37. 37.
    Rimal J, Shrestha A. Validation of nepalese oral health impact profile14 and assessment of its impact in patients with oral submucous fibrosis in Nepal. J Nepal Health Res Counc. 2015;13(29):43–9.PubMedGoogle Scholar
  38. 38.
    Bassim CW, et al. Validation of the National Institutes of Health chronic GVHD Oral Mucosal Score using component-specific measures. Bone Marrow Transplant. 2014;49(1):116–21.PubMedCrossRefGoogle Scholar
  39. 39.
    Carpenter PA, et al. National Institutes of Health consensus development project on criteria for clinical trials in chronic graft-versus-host disease: V. The 2014 ancillary therapy and supportive care working group report. Biol Blood Marrow Transplant. 2015;21(7):1167–87.PubMedPubMedCentralCrossRefGoogle Scholar
  40. 40.
    Farah CS, et al. Oral cancer and oral potentially malignant disorders. Int J Dent. 2014;2014:853479.PubMedPubMedCentralCrossRefGoogle Scholar
  41. 41.
    Otero-Rey EM, et al. Malignant transformation of oral lichen planus by a chronic inflammatory process. Use of topical corticosteroids to prevent this progression? Acta Odontol Scand. 2014;72(8):570–7.PubMedCrossRefGoogle Scholar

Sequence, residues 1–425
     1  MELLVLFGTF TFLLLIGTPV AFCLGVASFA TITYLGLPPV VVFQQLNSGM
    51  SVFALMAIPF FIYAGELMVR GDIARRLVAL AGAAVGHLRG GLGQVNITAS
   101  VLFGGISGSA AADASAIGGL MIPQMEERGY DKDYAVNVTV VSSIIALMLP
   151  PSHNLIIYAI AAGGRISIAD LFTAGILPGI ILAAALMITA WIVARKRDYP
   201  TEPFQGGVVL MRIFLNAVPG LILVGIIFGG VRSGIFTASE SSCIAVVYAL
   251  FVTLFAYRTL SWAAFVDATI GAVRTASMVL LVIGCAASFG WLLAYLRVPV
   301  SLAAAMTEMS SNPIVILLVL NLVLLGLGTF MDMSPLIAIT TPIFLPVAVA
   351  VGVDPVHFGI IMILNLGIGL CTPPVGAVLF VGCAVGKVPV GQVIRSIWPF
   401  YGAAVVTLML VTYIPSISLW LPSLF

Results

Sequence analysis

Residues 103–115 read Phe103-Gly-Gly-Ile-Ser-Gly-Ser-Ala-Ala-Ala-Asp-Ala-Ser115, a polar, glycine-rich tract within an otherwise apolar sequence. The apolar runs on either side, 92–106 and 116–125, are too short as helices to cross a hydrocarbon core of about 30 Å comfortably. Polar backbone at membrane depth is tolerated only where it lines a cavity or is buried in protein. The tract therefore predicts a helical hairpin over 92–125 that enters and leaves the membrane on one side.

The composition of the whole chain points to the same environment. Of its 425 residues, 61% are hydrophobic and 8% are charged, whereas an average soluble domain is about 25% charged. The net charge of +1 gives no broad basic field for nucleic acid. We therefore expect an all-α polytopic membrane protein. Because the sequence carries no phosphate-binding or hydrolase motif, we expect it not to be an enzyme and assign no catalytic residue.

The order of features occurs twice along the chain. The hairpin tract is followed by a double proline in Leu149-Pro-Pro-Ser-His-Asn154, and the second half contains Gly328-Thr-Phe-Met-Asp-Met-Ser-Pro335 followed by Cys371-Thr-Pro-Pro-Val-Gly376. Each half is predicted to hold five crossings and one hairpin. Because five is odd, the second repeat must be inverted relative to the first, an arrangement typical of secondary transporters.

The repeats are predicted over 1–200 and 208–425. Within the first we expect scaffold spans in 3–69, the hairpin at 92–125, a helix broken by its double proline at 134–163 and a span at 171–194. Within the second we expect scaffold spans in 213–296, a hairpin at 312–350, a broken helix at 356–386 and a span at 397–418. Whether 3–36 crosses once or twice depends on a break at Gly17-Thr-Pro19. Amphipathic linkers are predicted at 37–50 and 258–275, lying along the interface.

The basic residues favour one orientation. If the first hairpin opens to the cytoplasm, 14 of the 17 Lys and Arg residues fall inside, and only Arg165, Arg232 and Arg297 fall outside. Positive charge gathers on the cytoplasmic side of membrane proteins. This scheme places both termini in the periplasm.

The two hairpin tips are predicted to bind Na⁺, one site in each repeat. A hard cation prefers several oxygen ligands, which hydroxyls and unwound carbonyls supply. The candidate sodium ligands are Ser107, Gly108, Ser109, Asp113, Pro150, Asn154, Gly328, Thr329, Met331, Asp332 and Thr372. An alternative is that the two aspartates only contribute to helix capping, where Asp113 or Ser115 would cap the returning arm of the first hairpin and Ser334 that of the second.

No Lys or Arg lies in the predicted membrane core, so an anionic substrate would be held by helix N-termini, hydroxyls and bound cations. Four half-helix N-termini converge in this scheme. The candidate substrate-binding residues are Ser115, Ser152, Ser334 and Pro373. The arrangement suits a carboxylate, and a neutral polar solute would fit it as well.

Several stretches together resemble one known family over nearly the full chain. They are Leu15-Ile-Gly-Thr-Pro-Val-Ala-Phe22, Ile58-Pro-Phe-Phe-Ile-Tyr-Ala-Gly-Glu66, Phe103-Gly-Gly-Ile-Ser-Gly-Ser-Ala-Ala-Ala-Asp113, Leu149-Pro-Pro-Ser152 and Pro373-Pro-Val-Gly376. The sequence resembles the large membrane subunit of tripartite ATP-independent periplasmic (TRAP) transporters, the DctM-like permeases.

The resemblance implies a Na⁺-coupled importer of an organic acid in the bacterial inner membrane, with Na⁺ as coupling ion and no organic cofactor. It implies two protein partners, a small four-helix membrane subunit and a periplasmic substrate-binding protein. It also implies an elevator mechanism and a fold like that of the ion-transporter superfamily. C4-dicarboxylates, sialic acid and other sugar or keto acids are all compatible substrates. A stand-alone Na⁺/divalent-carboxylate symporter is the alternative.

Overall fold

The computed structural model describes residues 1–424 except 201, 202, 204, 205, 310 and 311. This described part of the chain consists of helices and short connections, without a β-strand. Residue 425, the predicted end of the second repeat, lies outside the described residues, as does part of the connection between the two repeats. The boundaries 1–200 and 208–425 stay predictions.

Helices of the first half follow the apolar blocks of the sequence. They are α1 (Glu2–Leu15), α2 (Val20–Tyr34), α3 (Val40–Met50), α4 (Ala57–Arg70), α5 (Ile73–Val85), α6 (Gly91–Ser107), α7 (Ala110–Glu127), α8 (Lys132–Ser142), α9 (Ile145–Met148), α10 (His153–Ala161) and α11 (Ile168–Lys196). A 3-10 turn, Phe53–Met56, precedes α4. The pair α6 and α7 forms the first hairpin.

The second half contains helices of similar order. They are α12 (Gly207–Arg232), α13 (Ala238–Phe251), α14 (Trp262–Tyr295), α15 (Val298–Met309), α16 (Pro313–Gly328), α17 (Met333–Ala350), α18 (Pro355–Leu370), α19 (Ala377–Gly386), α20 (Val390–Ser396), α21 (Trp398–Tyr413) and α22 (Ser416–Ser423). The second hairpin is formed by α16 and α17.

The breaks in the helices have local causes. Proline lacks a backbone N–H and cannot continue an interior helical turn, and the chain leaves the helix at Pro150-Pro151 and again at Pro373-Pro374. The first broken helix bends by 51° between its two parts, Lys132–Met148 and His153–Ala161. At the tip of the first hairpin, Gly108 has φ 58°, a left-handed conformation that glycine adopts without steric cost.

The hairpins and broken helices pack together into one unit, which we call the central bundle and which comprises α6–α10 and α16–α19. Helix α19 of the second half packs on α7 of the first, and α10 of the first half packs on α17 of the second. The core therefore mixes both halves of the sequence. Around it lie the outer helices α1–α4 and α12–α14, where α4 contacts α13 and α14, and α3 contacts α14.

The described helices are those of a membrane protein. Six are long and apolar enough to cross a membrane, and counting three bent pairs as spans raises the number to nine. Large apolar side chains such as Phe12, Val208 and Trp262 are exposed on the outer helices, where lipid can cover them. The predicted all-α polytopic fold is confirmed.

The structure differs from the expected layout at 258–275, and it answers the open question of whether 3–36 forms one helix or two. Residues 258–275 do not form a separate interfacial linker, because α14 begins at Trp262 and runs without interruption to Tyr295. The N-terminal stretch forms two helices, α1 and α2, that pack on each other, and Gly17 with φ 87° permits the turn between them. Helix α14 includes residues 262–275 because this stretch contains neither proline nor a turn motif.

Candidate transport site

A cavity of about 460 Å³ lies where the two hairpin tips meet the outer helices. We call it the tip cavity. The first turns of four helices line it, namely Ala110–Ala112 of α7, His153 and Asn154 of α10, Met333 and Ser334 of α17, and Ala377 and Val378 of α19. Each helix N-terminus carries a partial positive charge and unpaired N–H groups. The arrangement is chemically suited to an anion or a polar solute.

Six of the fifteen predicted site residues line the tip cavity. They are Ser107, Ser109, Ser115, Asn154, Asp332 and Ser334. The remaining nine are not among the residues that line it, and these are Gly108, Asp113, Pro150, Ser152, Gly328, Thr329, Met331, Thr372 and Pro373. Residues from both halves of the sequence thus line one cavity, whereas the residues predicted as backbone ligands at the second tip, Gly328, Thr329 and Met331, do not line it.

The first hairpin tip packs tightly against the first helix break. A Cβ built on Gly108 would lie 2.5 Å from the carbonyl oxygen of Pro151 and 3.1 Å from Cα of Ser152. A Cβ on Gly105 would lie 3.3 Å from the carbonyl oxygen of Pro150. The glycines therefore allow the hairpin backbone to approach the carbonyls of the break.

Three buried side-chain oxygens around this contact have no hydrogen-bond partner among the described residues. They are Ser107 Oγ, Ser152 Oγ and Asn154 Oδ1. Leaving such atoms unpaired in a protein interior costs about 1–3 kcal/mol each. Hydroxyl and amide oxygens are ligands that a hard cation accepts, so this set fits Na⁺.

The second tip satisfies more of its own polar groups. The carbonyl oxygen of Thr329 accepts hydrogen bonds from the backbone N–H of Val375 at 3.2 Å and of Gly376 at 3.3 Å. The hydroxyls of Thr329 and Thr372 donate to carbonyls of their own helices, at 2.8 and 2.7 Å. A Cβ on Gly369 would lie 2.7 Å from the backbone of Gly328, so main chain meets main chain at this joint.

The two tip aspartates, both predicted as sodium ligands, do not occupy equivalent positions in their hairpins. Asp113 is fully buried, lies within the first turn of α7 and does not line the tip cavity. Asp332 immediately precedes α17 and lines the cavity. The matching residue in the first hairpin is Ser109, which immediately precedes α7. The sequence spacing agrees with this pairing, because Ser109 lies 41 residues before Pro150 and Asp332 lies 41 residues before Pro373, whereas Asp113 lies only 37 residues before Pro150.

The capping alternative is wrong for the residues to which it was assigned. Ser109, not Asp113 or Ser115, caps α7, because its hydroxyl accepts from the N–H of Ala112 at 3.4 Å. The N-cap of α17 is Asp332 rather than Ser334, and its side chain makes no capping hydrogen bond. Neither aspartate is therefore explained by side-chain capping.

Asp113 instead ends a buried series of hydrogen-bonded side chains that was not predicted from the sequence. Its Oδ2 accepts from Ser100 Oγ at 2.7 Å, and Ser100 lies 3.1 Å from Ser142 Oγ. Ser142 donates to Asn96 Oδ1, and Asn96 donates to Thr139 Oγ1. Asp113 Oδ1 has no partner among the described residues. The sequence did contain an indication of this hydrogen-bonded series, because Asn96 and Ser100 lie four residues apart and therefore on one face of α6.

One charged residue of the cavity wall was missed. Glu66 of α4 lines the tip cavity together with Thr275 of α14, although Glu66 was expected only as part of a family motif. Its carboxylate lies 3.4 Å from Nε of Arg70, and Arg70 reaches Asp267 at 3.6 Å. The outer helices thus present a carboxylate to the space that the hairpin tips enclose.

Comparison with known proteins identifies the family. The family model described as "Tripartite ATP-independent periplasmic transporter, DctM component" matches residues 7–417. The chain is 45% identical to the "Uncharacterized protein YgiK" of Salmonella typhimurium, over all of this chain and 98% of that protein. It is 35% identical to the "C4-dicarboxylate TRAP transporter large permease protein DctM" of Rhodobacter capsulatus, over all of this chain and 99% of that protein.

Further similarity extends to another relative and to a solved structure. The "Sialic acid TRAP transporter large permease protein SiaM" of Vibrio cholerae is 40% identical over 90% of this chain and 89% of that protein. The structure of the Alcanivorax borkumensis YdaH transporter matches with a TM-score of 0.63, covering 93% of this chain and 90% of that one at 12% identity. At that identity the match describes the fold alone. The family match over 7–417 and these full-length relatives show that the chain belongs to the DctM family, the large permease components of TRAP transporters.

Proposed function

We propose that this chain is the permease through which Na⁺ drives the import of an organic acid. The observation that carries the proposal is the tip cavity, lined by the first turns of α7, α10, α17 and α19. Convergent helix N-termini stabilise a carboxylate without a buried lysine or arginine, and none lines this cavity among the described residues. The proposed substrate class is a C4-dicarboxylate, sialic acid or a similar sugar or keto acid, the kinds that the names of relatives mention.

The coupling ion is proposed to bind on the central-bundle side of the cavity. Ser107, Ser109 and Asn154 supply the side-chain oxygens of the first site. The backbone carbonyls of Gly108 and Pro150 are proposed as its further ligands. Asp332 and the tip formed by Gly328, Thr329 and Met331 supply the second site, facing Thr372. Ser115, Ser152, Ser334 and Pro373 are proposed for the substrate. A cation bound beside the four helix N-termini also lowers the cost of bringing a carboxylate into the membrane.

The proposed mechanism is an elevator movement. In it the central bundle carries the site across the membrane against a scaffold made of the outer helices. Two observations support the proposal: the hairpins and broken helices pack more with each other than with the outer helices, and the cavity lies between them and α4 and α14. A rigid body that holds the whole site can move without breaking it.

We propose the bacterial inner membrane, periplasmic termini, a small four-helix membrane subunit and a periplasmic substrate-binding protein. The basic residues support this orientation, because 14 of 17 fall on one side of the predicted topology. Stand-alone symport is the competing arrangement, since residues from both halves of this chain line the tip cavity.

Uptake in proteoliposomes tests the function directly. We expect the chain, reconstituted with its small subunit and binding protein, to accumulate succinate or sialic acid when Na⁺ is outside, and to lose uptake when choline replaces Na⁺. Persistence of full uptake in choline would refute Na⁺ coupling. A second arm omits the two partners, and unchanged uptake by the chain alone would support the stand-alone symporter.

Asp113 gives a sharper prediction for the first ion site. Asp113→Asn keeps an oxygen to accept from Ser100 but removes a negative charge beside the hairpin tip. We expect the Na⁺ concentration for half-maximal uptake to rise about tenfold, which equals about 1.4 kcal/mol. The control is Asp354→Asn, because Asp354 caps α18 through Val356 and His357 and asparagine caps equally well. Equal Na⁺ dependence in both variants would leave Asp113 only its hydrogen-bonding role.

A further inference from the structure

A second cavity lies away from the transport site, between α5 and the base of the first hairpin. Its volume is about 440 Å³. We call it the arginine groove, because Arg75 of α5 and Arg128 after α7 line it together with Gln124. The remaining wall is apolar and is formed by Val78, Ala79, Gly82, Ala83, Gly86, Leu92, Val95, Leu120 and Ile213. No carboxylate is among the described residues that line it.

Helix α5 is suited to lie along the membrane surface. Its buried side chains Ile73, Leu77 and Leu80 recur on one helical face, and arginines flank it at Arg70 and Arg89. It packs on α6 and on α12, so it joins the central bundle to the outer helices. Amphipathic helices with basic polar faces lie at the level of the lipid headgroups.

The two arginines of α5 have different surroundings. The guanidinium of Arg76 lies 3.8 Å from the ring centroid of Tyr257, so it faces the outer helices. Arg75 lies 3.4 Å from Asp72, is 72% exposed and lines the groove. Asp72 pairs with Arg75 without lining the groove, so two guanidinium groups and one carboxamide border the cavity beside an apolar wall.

42. 42.
    Liu W, et al. Malignant potential of oral and labial chronic discoid lupus erythematosus: a clinicopathological study of 87 cases. Histopathology. 2011;59(2):292–8.CrossRefPubMedPubMedCentralGoogle Scholar
  43. 43.
    Diz P, et al. Oral leukoplakia and erythroplakia: a protocol for diagnosis and management. EAOM - Diagnostic and therapeutic protocols. 2011.Google Scholar
  44. 44.
    Warnakulasuriya S, Ariyawardana A. Malignant transformation of oral leukoplakia: a systematic review of observational studies. J Oral Pathol Med. 2016;45(3):155–66.PubMedPubMedCentralCrossRefGoogle Scholar
  45. 45.
    Dost F, et al. A retrospective analysis of clinical features of oral malignant and potentially malignant disorders with and without oral epithelial dysplasia. Oral Surg Oral Med Oral Pathol Oral Radiol. 2013;116(6):725–33.PubMedCrossRefGoogle Scholar
  46. 46.